[ExI] 'Copyright' (Was: Re: to my fellow renaissance life forms)

SR Ballard sen.otaku at gmail.com
Sat Aug 21 00:24:21 UTC 2021

So the difference between two things, in your opinion is nothing. But I have to pretend their different because idiots made some law.

You also feel it would be best if I never listened to new music or read new books, because of a difference you cannot explain. And because I never listen to or read anything new, I will never buy new albums or books, and thus I will provide even less income to these people, than I would if I read them and then purchased them.

So yes, let me avoid all this “piracy” and actually contribute even less money to creators than if I did pirate. That makes so much sense. 

SR Ballard

> On Aug 20, 2021, at 8:12 AM, Dave Sill via extropy-chat <extropy-chat at lists.extropy.org> wrote:
>> On Thu, Aug 19, 2021 at 5:25 PM Ben Zaiboc via extropy-chat <extropy-chat at lists.extropy.org> wrote:
>> SR Ballard wrote:
>> > I like their work, I give them money. It’s not complicated.
>> >
>> > I will often buy a physical or electronic copy of a book I have 
>> > pirated, if I liked it. I buy merch from bands, pay for concert 
>> > tickets, buy tracks. I donate money to streamers...
>> >
>> > Piracy is no different than borrowing your friend’s book/CD/movie. If 
>> > you enjoyed it, you’ll get a legit copy for yourself.
>> Thank you, a lone sane voice among the brainwashed (so it seems to me, 
>> anyway).
> Piracy is *legally* different from borrowing because it's illegal. It may not make sense to you, but that's the law. 
>> Ask Charlie Stross how he makes a living when he routinely puts his 
>> fiction on the web for anyone to read without any strings whatsoever.
> If Charlie Stross chooses to make his works available, that's great! But that doesn't mean that model will work for every creator.
>> My experience and opinion, is the same as SRB's. I have paid-for hard 
>> copies of several works of fiction (by Stross and others) that I first 
>> read for free. I decided that I wanted to give these guys money to 
>> encourage them to keep writing the stuff that I like. I have also read 
>> for free, stuff that I didn't like so much, and declined to give those 
>> authors money, not wanting to encourage them further.
>> What could be fairer than that?
> If reading "for free" means reading an illegal copy, then what would be fairer would be to either read a legal copy or not read it at all.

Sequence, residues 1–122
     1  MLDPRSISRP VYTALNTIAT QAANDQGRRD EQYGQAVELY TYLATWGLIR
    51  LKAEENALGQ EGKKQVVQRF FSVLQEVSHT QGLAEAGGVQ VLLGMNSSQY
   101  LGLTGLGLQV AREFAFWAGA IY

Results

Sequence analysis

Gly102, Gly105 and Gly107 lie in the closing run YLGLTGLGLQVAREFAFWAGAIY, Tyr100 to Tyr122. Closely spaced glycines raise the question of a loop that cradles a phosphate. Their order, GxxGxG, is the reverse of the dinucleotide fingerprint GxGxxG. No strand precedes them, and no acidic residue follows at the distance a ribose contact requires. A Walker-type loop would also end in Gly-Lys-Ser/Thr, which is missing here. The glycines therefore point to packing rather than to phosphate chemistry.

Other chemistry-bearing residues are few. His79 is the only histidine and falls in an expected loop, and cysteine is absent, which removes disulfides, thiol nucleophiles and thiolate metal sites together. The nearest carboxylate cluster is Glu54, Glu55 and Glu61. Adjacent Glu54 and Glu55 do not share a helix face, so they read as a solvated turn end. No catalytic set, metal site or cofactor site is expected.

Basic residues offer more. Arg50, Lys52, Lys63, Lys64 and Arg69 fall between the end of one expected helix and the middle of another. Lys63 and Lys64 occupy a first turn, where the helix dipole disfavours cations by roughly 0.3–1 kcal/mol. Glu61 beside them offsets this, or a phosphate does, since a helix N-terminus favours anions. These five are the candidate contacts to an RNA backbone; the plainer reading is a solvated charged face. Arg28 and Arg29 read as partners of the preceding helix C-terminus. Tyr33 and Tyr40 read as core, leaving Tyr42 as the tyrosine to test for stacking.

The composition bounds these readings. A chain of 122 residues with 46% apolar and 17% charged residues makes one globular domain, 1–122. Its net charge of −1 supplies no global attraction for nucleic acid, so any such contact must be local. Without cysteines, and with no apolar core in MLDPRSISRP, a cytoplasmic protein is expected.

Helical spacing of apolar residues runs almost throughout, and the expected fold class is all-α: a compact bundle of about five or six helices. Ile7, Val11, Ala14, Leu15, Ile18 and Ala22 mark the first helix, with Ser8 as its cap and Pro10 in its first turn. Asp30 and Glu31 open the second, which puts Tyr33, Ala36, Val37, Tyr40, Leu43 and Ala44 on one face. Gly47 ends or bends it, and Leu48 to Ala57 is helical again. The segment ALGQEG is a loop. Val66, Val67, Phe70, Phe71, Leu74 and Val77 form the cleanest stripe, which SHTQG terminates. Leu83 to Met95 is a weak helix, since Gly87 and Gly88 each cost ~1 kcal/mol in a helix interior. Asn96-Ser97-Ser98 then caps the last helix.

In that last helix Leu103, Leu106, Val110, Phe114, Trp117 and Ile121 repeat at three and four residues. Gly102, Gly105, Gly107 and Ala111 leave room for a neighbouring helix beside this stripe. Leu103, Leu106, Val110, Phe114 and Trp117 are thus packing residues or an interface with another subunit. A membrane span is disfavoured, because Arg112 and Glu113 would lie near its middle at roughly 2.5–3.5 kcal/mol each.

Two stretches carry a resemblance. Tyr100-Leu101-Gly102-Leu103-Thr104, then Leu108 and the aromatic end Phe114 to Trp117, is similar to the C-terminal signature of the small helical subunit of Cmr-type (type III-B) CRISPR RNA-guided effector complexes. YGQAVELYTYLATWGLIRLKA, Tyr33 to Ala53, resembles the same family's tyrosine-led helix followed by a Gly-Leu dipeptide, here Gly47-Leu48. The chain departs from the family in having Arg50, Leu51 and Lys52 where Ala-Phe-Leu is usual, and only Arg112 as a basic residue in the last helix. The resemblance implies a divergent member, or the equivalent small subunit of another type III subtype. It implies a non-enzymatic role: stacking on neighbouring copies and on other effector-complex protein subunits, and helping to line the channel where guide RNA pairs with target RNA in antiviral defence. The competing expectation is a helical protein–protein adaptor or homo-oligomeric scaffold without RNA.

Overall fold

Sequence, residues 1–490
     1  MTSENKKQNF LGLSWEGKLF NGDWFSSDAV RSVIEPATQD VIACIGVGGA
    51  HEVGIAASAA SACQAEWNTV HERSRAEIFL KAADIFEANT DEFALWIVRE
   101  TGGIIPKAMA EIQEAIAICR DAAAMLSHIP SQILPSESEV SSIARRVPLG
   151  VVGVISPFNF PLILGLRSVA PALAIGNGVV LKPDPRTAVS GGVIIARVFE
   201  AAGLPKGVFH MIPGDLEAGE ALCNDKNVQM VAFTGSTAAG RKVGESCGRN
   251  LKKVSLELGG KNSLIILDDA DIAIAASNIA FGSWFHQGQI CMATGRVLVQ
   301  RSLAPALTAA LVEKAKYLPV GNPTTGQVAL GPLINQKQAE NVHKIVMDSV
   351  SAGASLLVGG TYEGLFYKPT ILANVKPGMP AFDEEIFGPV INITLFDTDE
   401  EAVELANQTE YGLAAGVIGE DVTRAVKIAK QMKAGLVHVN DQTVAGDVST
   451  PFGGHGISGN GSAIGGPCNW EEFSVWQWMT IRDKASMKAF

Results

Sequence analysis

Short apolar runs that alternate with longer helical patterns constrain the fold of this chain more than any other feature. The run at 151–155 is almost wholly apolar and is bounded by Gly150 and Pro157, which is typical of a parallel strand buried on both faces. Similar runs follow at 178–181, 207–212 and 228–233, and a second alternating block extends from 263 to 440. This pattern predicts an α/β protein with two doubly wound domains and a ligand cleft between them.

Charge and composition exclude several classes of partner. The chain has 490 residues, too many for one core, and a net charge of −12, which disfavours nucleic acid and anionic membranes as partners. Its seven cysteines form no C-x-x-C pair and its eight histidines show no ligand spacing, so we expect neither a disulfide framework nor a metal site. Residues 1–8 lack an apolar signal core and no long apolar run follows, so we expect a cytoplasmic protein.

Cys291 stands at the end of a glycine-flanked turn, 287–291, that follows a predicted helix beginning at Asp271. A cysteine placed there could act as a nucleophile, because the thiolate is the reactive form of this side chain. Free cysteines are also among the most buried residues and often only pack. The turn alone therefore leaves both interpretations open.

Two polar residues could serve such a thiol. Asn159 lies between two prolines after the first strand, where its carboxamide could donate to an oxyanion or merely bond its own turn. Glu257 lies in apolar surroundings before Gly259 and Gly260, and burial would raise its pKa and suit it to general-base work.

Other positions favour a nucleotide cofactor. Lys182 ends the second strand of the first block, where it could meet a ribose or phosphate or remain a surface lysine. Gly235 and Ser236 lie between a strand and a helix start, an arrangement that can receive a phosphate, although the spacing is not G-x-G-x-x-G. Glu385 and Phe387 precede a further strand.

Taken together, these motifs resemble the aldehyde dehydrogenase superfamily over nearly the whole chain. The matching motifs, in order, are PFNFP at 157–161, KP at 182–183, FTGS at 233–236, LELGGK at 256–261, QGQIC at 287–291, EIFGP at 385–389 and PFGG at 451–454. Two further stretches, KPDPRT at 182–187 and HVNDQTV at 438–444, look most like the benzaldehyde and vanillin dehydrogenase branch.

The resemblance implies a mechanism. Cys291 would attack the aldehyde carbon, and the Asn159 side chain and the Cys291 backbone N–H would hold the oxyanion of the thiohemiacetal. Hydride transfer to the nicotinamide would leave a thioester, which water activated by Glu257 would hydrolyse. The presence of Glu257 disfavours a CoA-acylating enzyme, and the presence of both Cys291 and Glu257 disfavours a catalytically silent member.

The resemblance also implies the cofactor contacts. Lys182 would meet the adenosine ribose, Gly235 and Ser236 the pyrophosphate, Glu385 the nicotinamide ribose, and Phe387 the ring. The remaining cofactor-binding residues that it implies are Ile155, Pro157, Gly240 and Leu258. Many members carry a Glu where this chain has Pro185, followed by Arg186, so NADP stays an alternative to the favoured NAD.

>> The people who profit the most from the current system are the 
>> middle-men. The publishers and big media corporations. You know, the 
>> ones who lobby for these crazy copyright laws that benefit no-one but 
>> them. The sooner these parasites wither away, the better.
> Do away with copyrights, and publishers and big media corporations will go away, too. Say goodbye to movies that cost millions to make. You may be fine with that but I suspect the majority would not.
>> Regarding the notion that amateur musicians create nothing but 
>> poor-quality pap, consider what the word 'amateur' actually means.
> There are great amateurs and talentless pros.
>> And 
>> think about who is more likely to produce good music: Someone who does 
>> it for love, or someone who does it to pay the rent?
> Musicians have to pay their rent. 
>> How many times have 
>> you heard second and third albums from promising bands, and thought "Not 
>> nearly as good as the first one"? Why do you think that is?
> Because the debut album usually comes from several years of writing and pressure to pay the bills, pressure from the label (e.g., via a contract), or just a desire to cash in while they can forces them to release subsequent albums before they've sufficient new material of the same quality. Or maybe they just can't do it again. Sometimes the well runs dry.
>> This is one area where I'm quite dismayed to see extropians so deeply 
>> entrenched in the same mental rut as the vast majority of people. We're 
>> supposed to be good at thinking outside the box and looking to a better 
>> future, not enthusiastically toeing the corporate party line that's 
>> threatening to drag us down into the kind of dystopia that Cory Doctorow 
>> etc. keep trying to alert us all to.
> We're talking about the current state of affairs. If you've got an idea for an improvement, let's hear it.
> I think copyright terms are too long. Shortening them from 50-100 years past the death of the creator to, say, 20 years from the date of publication, would still give creators enough protection to justify their efforts.
> -Dave
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